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Objective-C Categories

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Categories provide the ability to add functionality to an object without subclassing or changing the actual object. A handy tool, they are often used to add methods to existing classes, such as NSString or your own custom objects.


Step 1: Set Up Your Project

Launch Xcode and click File > New > Project. Choose an iOS Single View Application from the window and click "Next." Name your product "Categories" and enter a name for your Company Identifier, such as "com.companyName.categories." Choose the iPhone device family and click "Next." Choose a location to store your project and click "Create."


Step 2: Create the Category

Now that your project is set up, let's create a category that adds additional functionality to the NSString class. Click File > New > File and choose a Cocoa Touch Objective-C category from the window. Click "Next." Name your category "RemoveNums" and select NSString from the "Category on" drop down menu (you may need to type this in manually). Click "Next" followed by "Create."

Declare the Category Method

Back in your Xcode project, click "NSString+RemoveNums.h" to view the new category's header file. Add the following code to the interface to declare the method.

@interface NSString (RemoveNums)
- (NSString *)removeNumbersFromString:(NSString *)string;
@end

Implement the Category Method

Click "NSString+RemoveNums.m" to view the category's implementation file. Add the following code to create a method that will remove all the numbers from an NSString. First we define an NSCharacterSet of the numbers zero through nine which we'll use as a reference to compare against the original input string. In this case, the original string "ABC 123" will have the numbers "123" removed from the string because the category method uses the NSString method stringByTrimmingCharactersInSet:.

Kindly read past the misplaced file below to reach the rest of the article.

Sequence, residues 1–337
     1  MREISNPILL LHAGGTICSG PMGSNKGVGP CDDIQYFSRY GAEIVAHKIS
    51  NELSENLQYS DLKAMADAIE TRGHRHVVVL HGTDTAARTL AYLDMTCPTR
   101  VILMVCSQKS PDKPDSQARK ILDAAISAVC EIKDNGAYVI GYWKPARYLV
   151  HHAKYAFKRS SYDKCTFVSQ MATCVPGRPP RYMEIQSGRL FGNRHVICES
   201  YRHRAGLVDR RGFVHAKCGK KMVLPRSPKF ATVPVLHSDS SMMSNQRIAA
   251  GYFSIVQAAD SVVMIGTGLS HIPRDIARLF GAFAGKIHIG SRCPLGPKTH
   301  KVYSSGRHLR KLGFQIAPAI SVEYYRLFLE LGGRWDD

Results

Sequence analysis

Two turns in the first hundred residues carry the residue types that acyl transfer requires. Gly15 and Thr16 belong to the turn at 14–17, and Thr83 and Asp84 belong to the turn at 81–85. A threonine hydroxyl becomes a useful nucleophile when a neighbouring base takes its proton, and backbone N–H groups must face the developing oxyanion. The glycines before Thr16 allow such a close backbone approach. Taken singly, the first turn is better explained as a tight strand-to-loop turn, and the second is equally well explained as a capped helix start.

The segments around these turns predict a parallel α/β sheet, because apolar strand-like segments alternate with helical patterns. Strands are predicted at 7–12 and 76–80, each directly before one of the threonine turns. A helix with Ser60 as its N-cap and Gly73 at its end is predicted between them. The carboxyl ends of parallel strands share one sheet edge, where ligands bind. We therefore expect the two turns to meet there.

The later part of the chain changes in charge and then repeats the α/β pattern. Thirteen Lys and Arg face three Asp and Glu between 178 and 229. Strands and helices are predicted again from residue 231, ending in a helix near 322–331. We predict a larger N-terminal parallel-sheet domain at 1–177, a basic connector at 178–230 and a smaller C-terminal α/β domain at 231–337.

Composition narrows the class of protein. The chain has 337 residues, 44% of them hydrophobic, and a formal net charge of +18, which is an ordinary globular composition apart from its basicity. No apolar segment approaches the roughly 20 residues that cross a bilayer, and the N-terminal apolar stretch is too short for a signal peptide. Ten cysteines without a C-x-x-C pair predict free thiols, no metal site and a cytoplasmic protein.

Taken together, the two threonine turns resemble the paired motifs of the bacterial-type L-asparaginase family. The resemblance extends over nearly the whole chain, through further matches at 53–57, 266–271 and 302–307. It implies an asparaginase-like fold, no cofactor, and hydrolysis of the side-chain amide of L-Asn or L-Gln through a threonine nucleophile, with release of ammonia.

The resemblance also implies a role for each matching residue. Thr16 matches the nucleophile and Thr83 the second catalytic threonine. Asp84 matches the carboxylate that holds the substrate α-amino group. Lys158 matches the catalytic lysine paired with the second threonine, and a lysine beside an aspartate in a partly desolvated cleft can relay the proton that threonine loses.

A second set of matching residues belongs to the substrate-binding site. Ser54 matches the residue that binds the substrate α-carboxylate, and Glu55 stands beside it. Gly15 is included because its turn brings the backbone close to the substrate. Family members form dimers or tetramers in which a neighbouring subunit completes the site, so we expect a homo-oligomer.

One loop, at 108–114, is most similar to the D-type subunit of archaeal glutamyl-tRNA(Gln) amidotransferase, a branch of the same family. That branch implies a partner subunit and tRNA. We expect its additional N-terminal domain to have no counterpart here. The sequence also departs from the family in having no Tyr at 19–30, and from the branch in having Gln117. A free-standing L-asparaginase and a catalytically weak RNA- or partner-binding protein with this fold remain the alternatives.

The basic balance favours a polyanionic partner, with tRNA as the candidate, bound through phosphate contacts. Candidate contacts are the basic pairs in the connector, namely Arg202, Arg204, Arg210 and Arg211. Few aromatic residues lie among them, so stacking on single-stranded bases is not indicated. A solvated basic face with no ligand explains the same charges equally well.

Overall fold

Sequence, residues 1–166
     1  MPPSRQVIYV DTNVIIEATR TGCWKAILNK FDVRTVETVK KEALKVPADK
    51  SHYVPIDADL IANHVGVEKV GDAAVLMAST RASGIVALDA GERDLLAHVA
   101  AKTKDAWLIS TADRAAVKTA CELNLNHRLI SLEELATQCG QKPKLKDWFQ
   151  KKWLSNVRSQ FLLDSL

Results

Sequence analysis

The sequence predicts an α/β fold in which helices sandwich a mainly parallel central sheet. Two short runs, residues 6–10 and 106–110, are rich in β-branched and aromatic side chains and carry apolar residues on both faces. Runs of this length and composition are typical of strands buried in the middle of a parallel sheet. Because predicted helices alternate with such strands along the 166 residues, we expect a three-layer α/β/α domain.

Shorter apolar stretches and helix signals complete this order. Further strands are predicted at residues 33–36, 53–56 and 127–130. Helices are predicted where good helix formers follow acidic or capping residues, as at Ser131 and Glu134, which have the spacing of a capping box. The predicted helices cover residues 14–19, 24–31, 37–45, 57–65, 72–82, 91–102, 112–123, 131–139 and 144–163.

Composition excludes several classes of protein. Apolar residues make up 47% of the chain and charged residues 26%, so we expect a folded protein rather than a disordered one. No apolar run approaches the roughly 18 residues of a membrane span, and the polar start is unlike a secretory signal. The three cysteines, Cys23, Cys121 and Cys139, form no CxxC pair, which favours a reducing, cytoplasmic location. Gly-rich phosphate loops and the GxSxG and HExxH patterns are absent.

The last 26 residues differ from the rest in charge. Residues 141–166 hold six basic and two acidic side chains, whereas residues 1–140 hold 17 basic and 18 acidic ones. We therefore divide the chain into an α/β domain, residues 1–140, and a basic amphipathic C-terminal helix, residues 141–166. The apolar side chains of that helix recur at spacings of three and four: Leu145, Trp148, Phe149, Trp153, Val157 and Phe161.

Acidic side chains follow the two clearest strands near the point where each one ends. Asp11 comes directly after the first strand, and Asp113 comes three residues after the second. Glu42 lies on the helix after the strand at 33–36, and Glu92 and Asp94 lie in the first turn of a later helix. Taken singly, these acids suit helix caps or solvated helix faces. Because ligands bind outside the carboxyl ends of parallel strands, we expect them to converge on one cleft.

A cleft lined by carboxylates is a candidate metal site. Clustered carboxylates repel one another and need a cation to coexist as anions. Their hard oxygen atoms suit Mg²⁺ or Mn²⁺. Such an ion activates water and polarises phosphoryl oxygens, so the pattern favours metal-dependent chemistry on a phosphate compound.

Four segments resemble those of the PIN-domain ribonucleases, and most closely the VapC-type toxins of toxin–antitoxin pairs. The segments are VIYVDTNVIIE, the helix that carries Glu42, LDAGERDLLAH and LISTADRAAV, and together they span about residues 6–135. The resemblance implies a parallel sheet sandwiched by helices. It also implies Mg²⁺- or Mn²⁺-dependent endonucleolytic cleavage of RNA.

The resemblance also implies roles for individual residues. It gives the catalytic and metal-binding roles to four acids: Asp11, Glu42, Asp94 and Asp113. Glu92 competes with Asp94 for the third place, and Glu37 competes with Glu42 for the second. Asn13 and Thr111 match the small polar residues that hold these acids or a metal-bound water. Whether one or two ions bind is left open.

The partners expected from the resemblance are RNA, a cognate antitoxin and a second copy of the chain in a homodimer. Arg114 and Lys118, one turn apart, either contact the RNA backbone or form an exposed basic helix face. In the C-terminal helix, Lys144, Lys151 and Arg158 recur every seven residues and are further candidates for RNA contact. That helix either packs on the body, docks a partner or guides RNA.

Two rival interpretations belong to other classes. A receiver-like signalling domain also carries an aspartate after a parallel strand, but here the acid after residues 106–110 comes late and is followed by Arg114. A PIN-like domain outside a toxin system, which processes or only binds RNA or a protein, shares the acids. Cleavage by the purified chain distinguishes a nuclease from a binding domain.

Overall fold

- (NSString *)removeNumbersFromString:(NSString *)string
{
    NSString *trimmedString = nil;
    NSCharacterSet *numbersSet = [NSCharacterSet characterSetWithCharactersInString:@"0123456789"];
    trimmedString = [string stringByTrimmingCharactersInSet:numbersSet];
    return trimmedString;
}

Step 3: Import the Category

Click "ViewController.h" and import the category by adding the following code.

#import "NSString+RemoveNums.h"

Step 4: Test the Category

Click "ViewController.m" and add the following code to the viewDidLoad method. The local variable stringWithNums contains a combination of letters and numbers. The next line takes the string variable and runs it through the category method removeNumbersFromString. Finally, NSLog outputs the returned value of the newly trimmed string without any numbers.

NSString *stringWithNums = @"ABC 123";
NSLog(@"stringWithNums         --> %@",stringWithNums);
stringWithNums = [stringWithNums removeNumbersFromString:stringWithNums];
NSLog(@"trimmed stringWithNums --> %@",stringWithNums);

Step 5: Use the Category Method

Click Product > Run, or click the "Run" arrow in the top left corner, to test the code. Notice the console shows the original input string, "ABC 123," as well as the string after it has been altered by the category method and the numbers have been removed.

Conclusion

Subclassing is one way to add functionality to an object, but avoiding unnecessary subclassing by using a category will help reduce the amount of code and keep your projects more organized. There are a number of scenarios where using a category is beneficial. Share your category scenarios in the comments below.

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